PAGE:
According to a 2019 World Economic Forum and McKinsey study, 70 per cent of manufacturers want to implement Industry 4.0 projects to diversify business models, increase market penetration and improve efficiencies.
However, according to that same study, only 15 per cent of manufacturers have a responsive strategy in place.
So, why the disconnect?
Because most don’t know where to start. The idea of using artificially intelligent and integrated systems to control your plant and warehouse sounds daunting and unapproachable, even scary. Who’s going to architect the solutions? Implement and maintain them? Secure them?
If you’ve read one of my previous articles on the subject, you’ll know that I advocate a deliberate approach that breaks down a seemingly impossible journey into manageable stages. First, build a strong digital twin base that’s adaptable to an unknown future state. Second, implement a proof-of-concept for an easy win. Third, take a bigger leap – one that’s capable of delivering significant value. Fourth, continuously enhance, optimize and improve.
Here’s a real-world example.
Achieving ROI with Industry 4.0
My firm works with a manufacturer that extrudes resins used in a variety of applications – from highly regulated aerospace products to sporting equipment.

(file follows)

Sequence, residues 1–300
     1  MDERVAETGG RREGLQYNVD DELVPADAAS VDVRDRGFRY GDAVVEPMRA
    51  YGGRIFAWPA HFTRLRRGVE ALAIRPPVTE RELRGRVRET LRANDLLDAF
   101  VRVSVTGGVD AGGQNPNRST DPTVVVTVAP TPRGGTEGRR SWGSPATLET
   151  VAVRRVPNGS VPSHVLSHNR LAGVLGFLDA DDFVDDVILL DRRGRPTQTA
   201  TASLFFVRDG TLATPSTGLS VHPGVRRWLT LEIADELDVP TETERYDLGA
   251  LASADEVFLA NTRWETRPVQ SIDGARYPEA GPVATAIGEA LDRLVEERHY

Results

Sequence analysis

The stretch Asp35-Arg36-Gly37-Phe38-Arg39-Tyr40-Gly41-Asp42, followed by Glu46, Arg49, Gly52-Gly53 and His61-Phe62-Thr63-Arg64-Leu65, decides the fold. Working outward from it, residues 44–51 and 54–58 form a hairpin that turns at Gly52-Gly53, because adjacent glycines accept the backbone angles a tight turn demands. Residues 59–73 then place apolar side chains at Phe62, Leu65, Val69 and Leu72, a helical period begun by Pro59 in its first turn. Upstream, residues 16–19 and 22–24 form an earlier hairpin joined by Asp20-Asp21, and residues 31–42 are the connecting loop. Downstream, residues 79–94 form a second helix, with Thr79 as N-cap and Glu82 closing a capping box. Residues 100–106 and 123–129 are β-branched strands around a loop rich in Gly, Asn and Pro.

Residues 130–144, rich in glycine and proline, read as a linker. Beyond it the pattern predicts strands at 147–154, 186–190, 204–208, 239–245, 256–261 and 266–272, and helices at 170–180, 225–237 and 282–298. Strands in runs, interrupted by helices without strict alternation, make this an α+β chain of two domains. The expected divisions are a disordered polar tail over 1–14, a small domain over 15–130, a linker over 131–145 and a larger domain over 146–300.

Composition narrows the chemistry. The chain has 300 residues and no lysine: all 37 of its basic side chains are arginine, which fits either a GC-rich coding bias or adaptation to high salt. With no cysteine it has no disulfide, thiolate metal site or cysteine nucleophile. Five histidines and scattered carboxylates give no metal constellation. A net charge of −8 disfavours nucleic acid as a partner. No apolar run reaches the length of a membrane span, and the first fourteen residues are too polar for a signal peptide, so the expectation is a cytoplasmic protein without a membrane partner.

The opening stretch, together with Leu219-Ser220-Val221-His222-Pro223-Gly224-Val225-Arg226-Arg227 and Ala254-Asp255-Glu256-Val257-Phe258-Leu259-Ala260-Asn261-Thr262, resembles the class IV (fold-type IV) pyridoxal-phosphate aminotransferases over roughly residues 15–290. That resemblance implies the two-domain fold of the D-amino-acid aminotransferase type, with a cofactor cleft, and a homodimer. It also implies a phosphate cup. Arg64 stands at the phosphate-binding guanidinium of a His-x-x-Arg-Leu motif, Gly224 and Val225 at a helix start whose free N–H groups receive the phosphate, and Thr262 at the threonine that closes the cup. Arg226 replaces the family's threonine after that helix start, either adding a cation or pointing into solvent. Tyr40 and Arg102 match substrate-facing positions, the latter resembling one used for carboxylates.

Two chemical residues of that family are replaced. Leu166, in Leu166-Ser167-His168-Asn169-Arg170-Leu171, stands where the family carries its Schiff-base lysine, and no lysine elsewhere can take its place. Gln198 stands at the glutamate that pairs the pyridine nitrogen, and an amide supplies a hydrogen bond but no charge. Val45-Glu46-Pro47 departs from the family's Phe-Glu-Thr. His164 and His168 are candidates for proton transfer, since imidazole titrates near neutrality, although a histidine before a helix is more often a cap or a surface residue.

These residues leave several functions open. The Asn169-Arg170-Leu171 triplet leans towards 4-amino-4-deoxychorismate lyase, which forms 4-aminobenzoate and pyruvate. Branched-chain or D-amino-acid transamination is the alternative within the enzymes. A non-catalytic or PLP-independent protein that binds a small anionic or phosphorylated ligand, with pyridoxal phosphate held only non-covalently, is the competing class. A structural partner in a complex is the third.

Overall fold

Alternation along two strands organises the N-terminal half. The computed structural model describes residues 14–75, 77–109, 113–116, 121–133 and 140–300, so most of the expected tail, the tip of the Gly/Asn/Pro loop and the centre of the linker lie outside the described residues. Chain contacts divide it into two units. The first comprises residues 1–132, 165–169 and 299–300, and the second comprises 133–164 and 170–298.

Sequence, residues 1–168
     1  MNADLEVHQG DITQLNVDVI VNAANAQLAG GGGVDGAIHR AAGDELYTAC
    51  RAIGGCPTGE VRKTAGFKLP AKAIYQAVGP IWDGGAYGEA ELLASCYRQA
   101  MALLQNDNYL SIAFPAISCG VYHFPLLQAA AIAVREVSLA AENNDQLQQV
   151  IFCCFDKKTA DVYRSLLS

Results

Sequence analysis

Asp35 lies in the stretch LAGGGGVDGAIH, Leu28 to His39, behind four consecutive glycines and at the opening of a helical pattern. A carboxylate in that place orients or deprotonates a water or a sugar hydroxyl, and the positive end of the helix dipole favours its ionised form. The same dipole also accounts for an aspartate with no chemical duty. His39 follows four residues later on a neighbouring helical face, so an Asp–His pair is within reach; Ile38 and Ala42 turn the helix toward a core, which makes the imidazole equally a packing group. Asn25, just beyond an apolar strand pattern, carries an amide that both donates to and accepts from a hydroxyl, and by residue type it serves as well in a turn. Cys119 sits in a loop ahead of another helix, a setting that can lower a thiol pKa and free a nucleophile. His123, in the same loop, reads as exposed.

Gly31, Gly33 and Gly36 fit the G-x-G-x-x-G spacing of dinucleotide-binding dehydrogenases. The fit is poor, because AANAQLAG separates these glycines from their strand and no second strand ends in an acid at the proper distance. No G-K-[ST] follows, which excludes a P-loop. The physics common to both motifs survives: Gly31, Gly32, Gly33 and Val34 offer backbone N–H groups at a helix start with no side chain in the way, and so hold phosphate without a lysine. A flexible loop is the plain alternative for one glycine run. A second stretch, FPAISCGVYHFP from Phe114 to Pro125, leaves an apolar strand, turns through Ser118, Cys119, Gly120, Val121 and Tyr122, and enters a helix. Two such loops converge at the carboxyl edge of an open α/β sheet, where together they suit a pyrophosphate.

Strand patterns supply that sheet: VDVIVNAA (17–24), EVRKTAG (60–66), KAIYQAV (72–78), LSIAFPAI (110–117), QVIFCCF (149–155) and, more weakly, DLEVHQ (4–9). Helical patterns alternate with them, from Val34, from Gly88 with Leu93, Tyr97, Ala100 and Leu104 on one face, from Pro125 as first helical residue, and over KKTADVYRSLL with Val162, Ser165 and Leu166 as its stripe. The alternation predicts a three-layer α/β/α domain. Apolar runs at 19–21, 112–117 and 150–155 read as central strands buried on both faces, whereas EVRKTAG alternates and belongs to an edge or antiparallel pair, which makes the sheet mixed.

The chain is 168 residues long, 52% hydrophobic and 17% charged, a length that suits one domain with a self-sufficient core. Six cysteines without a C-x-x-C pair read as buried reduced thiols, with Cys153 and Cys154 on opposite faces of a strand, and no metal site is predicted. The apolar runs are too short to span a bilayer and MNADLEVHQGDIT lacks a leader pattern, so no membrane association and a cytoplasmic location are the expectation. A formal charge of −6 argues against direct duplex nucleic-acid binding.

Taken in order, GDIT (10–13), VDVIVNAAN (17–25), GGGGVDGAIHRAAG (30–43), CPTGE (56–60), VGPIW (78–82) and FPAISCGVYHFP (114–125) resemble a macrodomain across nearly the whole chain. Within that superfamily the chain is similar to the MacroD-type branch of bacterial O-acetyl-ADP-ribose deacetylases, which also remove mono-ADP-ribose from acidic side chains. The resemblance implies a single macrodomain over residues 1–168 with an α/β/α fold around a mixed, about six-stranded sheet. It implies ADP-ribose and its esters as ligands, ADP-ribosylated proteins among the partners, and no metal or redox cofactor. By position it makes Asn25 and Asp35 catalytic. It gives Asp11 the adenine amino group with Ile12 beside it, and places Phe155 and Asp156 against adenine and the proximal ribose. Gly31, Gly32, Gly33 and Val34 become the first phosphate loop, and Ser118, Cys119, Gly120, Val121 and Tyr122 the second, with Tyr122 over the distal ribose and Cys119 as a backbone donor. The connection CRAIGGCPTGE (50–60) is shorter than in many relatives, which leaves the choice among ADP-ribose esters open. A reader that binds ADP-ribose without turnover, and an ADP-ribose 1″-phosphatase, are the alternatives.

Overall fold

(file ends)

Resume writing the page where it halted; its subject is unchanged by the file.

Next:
At its primary production facility, the company was wasting $350,000 annually because of poor product quality. The losses included direct costs of excessive scrap and indirect costs of suboptimal customer service. The company was routinely re-running work orders, causing it to juggle production schedules and miss its promised delivery dates. Customers weren’t happy.
So, we helped our client architect an environment that would allow it to detect and react to quality issues much more quickly. We designed a program intended to reduce unplanned scrap by 80 per cent and improve its perfect order rate KPI to 90 per cent (a weighted formula that accounts for quality, lead times and fill rates). And, since no company is perfect, we designed a contingency process that provided customer service personnel with systematized warnings prompting them to proactively notify customers as soon as unanticipated issues are detected.
An integrated edge, fog and cloud computing architecture
The technology environment involved implementing and interfacing various information technologies (IT) and operational technologies (OT) that include enterprise resource planning (ERP), a warehouse management system (WMS), manufacturing execution system (MES), laboratory information management system (LIMS), programmable logic controllers (PLCs), production equipment and artificial intelligence (AI).